|Griffin and his daddy in front of Pioneer, or rather, in front of a giant inflatable bowl of Quaker Oats commemorating Lafayette's annual Oatmeal Festival, held at the school|
For example, at the "language station," the evaluator showed Griffin individual pictures of common objects and asked him to identify them--for example, a feather. As he said the words, she took notes on a form. The only one Griffin couldn't identify was the tweezers, and I'm not surprised--I don't think he's ever had a splinter, so he's probably never seen tweezers used, and it's not as if tweezers appear in any of his favorite children's books. (Come to think of it, I don't even know how to say tweezers in French!) Then she showed him a page with pictures of all of the items from the previous task and asked him to point to the tweezers, which he did correctly.
When she asked him to chant the letters of the alphabet, on the other hand, he refused.
|It's not a surprise that he did well at the language station--Griffin has always loved books.|
Another task at the language station left me a little confused. She showed Griffin a drawing of a family in a kitchen and led him through a series of questions (which I will do my best to transcribe a month later):
--Do you see anything that starts with the sound /f/?
--Do you see anything that doesn't look right?
--There's a banana peel on the floor.
--What should they do about that?
--Pick it up!
--What else isn't right in this room?
--There's a bug flying over the table.
--Why is there a bug in the kitchen?
--Because the kitchen door is open.
--What should they do about the bug?
--The daddy should hit it with the thing that makes it dead.
--What do you call the object that you use to kill a bug?
--The thing that makes it dead. [At this point, watching her take notes about his responses, I so wanted to say, "He does know the word 'fly swatter' in French! That counts!"]
|You see, Griffin and flyswatters go way back.|
--I go ask my daddy to play something else with me.
--Do you ask your daddy to do anything else? [This was a leading question, clearly trying to get him to say something along the lines of "fix the toy," but Griffin wasn't going there. Later, I saw that she had credited him 0 out of 2 points for his response to the broken toy question.]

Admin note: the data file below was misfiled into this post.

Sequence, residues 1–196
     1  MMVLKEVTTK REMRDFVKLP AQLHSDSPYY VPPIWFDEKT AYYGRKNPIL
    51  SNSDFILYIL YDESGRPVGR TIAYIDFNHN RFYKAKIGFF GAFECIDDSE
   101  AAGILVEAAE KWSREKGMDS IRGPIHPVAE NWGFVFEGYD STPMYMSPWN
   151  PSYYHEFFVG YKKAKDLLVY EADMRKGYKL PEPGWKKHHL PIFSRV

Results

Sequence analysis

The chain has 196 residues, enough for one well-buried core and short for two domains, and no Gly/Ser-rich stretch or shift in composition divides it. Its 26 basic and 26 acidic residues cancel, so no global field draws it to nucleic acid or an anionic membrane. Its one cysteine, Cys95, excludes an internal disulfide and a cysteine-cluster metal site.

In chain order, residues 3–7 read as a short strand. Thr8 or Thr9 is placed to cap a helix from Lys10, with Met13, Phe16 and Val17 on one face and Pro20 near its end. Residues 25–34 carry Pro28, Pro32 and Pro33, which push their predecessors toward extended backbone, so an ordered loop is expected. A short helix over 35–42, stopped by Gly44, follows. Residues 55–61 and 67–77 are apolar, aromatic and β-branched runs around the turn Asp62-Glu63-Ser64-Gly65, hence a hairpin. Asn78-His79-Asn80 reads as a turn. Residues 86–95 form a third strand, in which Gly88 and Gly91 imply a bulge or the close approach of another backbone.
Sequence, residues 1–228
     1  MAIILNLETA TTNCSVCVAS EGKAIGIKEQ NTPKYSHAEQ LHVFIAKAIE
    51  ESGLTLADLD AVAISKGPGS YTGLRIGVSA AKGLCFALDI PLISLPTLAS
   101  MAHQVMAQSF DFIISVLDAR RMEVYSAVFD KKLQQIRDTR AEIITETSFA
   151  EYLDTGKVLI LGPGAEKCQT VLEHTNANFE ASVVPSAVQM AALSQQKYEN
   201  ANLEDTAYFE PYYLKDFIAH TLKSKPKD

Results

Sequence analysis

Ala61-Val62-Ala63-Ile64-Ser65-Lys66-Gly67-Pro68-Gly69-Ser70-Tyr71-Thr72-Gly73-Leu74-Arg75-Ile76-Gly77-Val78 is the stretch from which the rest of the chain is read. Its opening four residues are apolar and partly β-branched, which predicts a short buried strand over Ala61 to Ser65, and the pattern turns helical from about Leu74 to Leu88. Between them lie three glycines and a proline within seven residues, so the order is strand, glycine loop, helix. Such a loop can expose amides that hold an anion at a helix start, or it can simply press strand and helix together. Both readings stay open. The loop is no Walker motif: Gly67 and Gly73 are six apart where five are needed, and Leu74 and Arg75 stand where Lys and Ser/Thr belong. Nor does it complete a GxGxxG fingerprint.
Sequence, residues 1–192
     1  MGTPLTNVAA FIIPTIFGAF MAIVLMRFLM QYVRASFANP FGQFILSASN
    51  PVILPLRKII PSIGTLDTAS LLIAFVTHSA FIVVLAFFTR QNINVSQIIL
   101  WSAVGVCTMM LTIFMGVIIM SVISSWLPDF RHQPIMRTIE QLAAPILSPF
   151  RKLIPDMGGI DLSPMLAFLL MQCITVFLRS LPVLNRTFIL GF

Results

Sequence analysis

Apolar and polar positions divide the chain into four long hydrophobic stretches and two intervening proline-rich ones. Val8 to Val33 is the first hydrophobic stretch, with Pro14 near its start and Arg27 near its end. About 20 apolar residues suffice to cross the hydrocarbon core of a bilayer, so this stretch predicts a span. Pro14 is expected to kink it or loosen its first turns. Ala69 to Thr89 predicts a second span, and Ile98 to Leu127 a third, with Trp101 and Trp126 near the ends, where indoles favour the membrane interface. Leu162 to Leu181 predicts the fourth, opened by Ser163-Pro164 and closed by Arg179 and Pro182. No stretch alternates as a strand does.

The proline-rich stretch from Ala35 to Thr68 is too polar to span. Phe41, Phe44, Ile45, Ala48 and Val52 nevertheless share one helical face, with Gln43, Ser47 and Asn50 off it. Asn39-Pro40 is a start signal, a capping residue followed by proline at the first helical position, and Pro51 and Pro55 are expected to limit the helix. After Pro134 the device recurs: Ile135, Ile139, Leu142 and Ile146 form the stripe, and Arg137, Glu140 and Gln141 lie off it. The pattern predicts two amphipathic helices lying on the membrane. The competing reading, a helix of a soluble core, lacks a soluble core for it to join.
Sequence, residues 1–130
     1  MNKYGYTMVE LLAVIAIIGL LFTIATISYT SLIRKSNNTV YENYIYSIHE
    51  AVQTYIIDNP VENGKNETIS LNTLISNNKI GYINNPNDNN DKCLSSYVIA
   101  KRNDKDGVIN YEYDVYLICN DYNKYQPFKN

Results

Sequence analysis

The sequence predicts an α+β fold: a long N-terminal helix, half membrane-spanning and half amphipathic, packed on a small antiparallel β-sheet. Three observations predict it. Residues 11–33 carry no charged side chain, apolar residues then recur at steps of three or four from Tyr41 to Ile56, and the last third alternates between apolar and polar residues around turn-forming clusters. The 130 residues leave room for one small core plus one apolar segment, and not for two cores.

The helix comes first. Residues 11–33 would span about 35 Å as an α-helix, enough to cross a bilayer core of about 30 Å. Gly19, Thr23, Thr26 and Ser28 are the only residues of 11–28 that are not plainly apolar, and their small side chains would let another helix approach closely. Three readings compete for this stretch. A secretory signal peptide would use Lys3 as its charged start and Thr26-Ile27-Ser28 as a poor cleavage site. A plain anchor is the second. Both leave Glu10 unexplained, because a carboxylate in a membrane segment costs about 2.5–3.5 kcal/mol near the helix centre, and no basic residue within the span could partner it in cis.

One thing really jumped out at me: how good my husband and I are at deciphering Griffin-talk. We're so used to his linguistic quirks--certain mispronounced sounds (/th/, /r/), certain charmingly garbled words (like "goofball" for "golf ball"), his French-isms (such as "put it at the trash" because of the influence of "a la poubelle")--and we know to what he's referring when he mentions things like his "honey car" (a yellow Matchbox race car emblazened with the Honey Nut Cheerios logo) or "sausage rolled over with pancake" (a breakfast treat from the freezer consisting of a turkey sausage on a stick which has been dipped in pancake batter).
Griffin (usually) is perfectly comprehensible to us--this evaluation process was a good reminder that not everyone else can follow everything he says.
We felt a little insulted at first, in fact, when the language evaluator asked his what his full name was and Griffin eagerly announced his first, middle, and last name.
--Hmmm, well, I guess that's close enough.
His dad and I shot glances at each other. Up to that point, we had done a pretty good job of not interrupting or prompting or even reacting to his responses so as not to influence his answers, but there, we had to butt in.
--What do you mean, "close enough"? That's exactly it!
--Oh, I guess I didn't understand him.
During this two-hour-long process, we filled out a long questionnaire about his behavior, social skills, and so forth (fortunately, none of the questions concerned his incessant, gleeful, very public nose-picking, or we might have been tempted to prevaricate). Griffin also did tasks for evaluating his gross motor skills (toss a bean bag at a target, hop on one foot, etc.) and fine motor skills (cut a dinosaur shape out of paper), plus had a health screening (height, weight, verify paperwork for vaccinations, etc.).
|Picking one's nose is an excellent demonstration of one's fine motor skills.|
|Gross motor skills really aren't an issue for our constantly-in-motion boy.|
|He even wields a mean snow shovel...|
|...and plays a passable ragtime.|
And here's a fun one:
--Griffin, how high can you count?
--Fifty-nine?! [to us] The form only goes up to twenty!
|Board game? Yoga? No, math!|
After the concepts screening, the evaluator pulled us aside and said, "I'm not supposed to tell you this, but these tasks are designed for three- to six-year-olds, and your son, who is barely four, has a perfect score on all of them."
|Beaming parents, with children and farm-fresh produce.|
One other highlight of this station: we found out that Griffin can count backwards from ten to one! We'd never done that with him at home, so based on how quickly he spouted the numbers, I assumed that he had heard it at preschool and just memorized the sequence. But later, when I asked him to count backwards in French--which I know for sure that he had never done or heard before--he managed just fine.
Anyway, we're proud of him (and of us) and very much looking forward to seeing what develops when he enters the dual-language immersion preschool program and adds Spanish to the mix! And we're confident that one day soon he'll be counting to 100, whacking bugs with his own flyswatter, leaping tall buildings with a single bound, and picking his nose in private.
|While I don't have a photo of Griffin using a flyswatter, you can still check out his technique when whacking a pinata.|